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The Bride Hardcover – Sep 15 1983


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Product Details

  • Hardcover: 245 pages
  • Publisher: Vhps Trade (Sept. 15 1983)
  • Language: English
  • ISBN-10: 0312095376
  • ISBN-13: 978-0312095376
  • Product Dimensions: 21.3 x 14.7 x 2.3 cm
  • Shipping Weight: 431 g
  • Average Customer Review: 4.0 out of 5 stars  See all reviews (1 customer review)

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By wordfiendca on Sept. 28 2002
Format: Hardcover
A slow starter, but an excellent read. The main characters are a man, Qasim, who marries when he is 10 years old and a child, Zaitoon, who loses her parents when she is 5. Qasim becomes Zaitoon's father and we watch them become older in a newly-formed Pakistan. Zaitoon turns 16 and a marriage is arranged for her. It's a beautiful story that touches upon certain aspects of India that I've found are glossed over in other Indian novels: the underground and bad arranged marriages.
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Most Helpful Customer Reviews on Amazon.com (beta)

Amazon.com: 4 reviews
23 of 26 people found the following review helpful
Excellent portrayal of various cultures within Pakistan Nov. 17 1998
By Donna Davis Idrees (bbwmor2luv@hotmail.com) - Published on Amazon.com
Format: Hardcover
I read this book while living in Pakistan. As an american woman married to a Pakistani man and living in Islamabad's middle class, I could readily identify with many characters in this book. Most books written about this culture are usually judgemental or are from a western viewpoint and therefore erroneous.
The Bride begins at the time of The Partition, when India and Pakistan became two separate, independent countries following centuries of British rule. Because of unexpected events, an older unmarried Pathan man becomes the foster father of a Punjabi infant girl. He settles with the infant girl in Lahore (Punjab). As he gets older he fondly remembers his childhood in the NWFP. He sees the girl getting older and arranges a marriage for her with a Pathan family in NWFP. Against her will, she is married to a man she has never met and moves to a land she has never seen. She desperately wants to return to her kind foster father and escape the harsh and brutal living of the NWFP.
You will have to read this excellent book to find out how this story unfolds.
Punjabi and Pathan cultures are very disparate. The Punjab is a well-travelled, flat terrain farming province. The NWFP is mountainous and closed off to the outside world. The punjabi society is one of many cultures, ideas, religions and people. The NWFP society tends to be much more clannish, traditional, not accepting of change. Ms. Sidhwa does an excellent job of portraying both cultures and how they impact the life of this young girl. The conclusion of the novel is a realistic scenario, one that a young woman in today's Pakistan would face if in the same situation. Additionally, Ms. Sidhwa's portrayal of a young american woman is deadly accurate, and, in my opinion, a scathing commentary on the ignorance, self-centeredness and ethnocentrism of the first-world.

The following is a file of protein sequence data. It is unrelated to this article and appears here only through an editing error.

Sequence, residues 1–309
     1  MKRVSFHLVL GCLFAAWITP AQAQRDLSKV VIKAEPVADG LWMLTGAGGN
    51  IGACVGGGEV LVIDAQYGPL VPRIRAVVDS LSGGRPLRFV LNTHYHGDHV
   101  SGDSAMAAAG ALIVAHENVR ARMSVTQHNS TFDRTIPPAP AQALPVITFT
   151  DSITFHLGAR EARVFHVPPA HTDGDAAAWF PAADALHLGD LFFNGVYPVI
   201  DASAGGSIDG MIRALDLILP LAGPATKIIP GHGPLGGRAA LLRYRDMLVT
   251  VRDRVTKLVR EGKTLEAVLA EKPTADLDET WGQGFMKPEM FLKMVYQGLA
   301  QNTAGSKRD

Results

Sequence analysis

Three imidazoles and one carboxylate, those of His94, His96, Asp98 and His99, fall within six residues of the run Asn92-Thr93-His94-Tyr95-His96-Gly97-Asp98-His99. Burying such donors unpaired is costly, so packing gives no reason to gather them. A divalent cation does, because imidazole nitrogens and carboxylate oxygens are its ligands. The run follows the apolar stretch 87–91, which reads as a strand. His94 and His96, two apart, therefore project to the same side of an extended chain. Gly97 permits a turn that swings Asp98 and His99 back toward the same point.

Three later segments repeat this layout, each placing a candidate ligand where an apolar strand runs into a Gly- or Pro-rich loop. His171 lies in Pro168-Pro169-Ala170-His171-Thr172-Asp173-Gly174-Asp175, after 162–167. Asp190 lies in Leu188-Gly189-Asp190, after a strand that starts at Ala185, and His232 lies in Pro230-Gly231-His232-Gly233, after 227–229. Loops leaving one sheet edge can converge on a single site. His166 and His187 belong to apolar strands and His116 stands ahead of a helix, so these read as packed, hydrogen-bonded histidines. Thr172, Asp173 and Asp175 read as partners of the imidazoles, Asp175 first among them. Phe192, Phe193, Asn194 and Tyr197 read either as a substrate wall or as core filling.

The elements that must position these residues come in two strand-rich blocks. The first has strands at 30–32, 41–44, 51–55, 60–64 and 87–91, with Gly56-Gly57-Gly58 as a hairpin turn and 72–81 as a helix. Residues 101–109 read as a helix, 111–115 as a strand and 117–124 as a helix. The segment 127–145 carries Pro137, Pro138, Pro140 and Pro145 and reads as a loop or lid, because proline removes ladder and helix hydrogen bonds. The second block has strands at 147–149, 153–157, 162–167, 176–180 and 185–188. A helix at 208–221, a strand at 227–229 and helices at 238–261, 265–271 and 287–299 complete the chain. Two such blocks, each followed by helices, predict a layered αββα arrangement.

same book as "pakistani bride" April 9 2011
By apocalypse blonde - Published on Amazon.com
Format: Hardcover
for those of you that dont know, this bk was republished under the title "the pakistani bride." "ice man candy" was also republished under the title "cracking india."
this is an amazing bk though, already wrote the review for the other though
4.5 star read Sept. 28 2002
By wordfiendca - Published on Amazon.com
Format: Hardcover
A slow starter, but an excellent read. The main characters are a man, Qasim, who marries when he is 10 years old and a child, Zaitoon, who loses her parents when she is 5. Qasim becomes Zaitoon's father and we watch them become older in a newly-formed Pakistan. Zaitoon turns 16 and a marriage is arranged for her. It's a beautiful story that touches upon certain aspects of India that I've found are glossed over in other Indian novels: the underground and bad arranged marriages.
1 of 4 people found the following review helpful
Worthy but Definitely not Dull Sept. 23 2000
By Paul White - Published on Amazon.com
Format: Hardcover
Through her characters in The Bride, Bapsi Sidhwa introduces and combines vastly different worlds seamlessly. The novel is infused with pathos through understated humour but overwhelming humanity. The result is that rarest of commodities, "a good read".

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